Since the early days of the pandemic, the Bay Area has been seen as a model for minimizing the spread of the coronavirus.
The region instituted the country’s first stay-at-home orders in March 2020 and has since consistently experienced lower levels of transmission than its southern counterparts. Today, the Bay Area has one of the lowest Covid-19 death rates in the country.
But in recent weeks, the region has received a different and less welcome kind of pandemic attention.
The Bay Area has become the state’s latest Covid hotspot, according to data from the Centers for Disease Control and Prevention. Of California’s 58 counties, Marin, San Francisco, San Mateo and Alameda currently have the highest Covid transmission rates, according to the New York Times tracker.
On Friday, health workers in 11 Bay Area and surrounding counties warned of a new wave of cases fueled by highly contagious subvariants of Omicron.
Although a mask requirement for BART was reinstated late last month, health workers are not reinstating additional mandates, instead relying on recommendations that people use rapid tests, get boosters when they are eligible and start keeping masks handy again.
“If you have recently chosen not to wear a mask in indoor public places, now is a good time to start again,” Dr. George Han, deputy public health officer for the county public health department, said Friday. Santa Clara.
As the first wave of Omicron receded in early spring, Covid restrictions were lifted across California and much of the country. That means many Americans are increasingly in situations where they could contract the virus, whether from eating indoors or unmasking on planes.
New cases of coronavirus have more than tripled since April 1 in the United States – and in California in particular. Bay Area rates have climbed faster, but remain roughly in line with what is seen elsewhere, said Dr. Bob Wachter, chair of medicine at the University of California, San Francisco.
“It’s not a difference between day and night. What is surprising though is that the Bay Area has performed so well throughout the pandemic,” Wachter told me. “We kind of got used to being the poster kids to do well.”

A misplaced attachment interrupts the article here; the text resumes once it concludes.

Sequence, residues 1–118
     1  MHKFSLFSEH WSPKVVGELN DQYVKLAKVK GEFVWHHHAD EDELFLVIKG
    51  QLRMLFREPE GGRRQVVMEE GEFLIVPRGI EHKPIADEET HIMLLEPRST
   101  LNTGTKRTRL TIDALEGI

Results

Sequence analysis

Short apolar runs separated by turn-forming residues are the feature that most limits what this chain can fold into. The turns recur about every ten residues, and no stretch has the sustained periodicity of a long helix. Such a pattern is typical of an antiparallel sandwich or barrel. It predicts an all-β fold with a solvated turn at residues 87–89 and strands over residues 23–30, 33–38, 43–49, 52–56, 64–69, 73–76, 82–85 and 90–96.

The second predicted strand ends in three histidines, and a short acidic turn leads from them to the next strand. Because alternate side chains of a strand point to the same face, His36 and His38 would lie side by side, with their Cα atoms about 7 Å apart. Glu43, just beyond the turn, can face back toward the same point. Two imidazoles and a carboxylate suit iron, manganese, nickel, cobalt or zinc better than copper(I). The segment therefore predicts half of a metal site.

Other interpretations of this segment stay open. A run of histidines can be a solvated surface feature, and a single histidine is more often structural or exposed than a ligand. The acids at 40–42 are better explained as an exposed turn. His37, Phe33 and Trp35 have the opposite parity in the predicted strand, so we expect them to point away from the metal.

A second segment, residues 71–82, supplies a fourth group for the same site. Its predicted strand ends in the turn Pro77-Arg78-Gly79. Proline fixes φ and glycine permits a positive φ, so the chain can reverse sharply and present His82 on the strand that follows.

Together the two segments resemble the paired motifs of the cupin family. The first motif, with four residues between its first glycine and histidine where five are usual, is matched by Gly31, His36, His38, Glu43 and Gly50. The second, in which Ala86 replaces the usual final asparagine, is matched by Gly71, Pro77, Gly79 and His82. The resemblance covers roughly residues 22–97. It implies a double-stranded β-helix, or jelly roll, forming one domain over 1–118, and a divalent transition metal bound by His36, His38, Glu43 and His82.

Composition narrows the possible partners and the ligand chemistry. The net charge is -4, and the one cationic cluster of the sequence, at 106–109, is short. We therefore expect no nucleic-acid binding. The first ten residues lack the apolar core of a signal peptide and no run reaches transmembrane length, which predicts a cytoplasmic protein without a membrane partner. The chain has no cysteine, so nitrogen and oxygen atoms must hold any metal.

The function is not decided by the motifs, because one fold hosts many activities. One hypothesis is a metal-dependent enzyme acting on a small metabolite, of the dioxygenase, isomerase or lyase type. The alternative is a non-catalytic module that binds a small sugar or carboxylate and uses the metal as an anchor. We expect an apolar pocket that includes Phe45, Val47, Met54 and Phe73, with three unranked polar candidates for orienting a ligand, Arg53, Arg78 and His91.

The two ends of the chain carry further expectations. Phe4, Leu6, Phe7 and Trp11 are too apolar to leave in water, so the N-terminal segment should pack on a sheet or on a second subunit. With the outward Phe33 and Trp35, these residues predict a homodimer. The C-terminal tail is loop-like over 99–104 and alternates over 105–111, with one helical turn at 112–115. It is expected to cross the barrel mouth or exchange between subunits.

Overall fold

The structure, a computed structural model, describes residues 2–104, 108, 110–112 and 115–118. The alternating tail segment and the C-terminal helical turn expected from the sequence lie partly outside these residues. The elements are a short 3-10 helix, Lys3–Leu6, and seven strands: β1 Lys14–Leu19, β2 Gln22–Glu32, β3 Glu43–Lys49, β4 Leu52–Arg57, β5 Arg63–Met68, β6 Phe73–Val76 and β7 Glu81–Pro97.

Wachter knows more people who have contracted Covid in recent weeks than ever before, he said, including his wife. He offered a few theories about the Bay Area’s new position.
The San Francisco area has a high fraction of residents who have been able to work from home in the past two years, so they may have been able to avoid the virus until recently by letting their guard down amid relaxed pandemic rules . “For the first time in two years, you’re seeing a lot of people without masks,” Wachter said.
And although the region has high vaccination rates, the ability of injections to prevent people from becoming infected diminishes over time, so they may not confer the same protection as before. Additionally, the bay may be particularly vulnerable simply because of the number of residents who have never contracted the virus before, he added.
“Faced with a very, very contagious variant, the fact that you did well in the past is a bit of a risk factor for more people to get infected now,” Wachter said.
Hospitalizations have increased slightly in the Bay Area, but much less than in previous surges, likely because vaccines offer such strong protection against serious illnesses. In Los Angeles County, where cases have increased 56% in the past two weeks, the number of patients hospitalized with Covid remains stable.
Health officials warn that the number of reported cases is likely a serious undercount because rapid home tests are not included in the data. But the numbers still provide insight into the latest trends.
At UC San Francisco, surgery patients without symptoms of Covid are being sampled for the virus as a precaution. About 5% of those patients test positive, suggesting that about one in 20 people in the Bay Area who are well are infectious with Covid, Wachter said.
“The bottom line is there’s a lot of Covid around, and if you’ve let your guard down there’s a good chance you’ll get it,” he said.
where we travel
Today’s tip comes from Amy Patrick, who lives in Napa:
“When it gets too hot, I turn to Sonoma County for relief. I pack the dogs and we’re at a pet-friendly beach on the Sonoma Coast in an hour, enjoying the drop in temperature. of 30 degrees. We’ll stop for oysters along Tomales Bay, then taste our way through Sonoma wine country on the way back. Microclimates, hills and sea, food and wine – that’s why we’re in California.
Tell us about your favorite places to visit in California. Email your suggestions to CAtoday@nytimes.com. We will share more in future editions of the newsletter.
What do you want to know about the June primary elections in California? Email us your questions at CAToday@nytimes.com.
And before leaving, some good news
On May 7, Kai Neukermans went to a Pearl Jam show at The Forum in Inglewood. Neukermans, an 18-year-old from Mill Valley, plays drums in his own band, which has performed at numerous festivals.
Less than a week after the concert, Neukermans found himself performing on stage with Pearl Jam at Oakland Arena.
“It was surreal,” Neukermans told SFGate. “The arena lit up and everyone was screaming.”
Read how it happened on SFGate.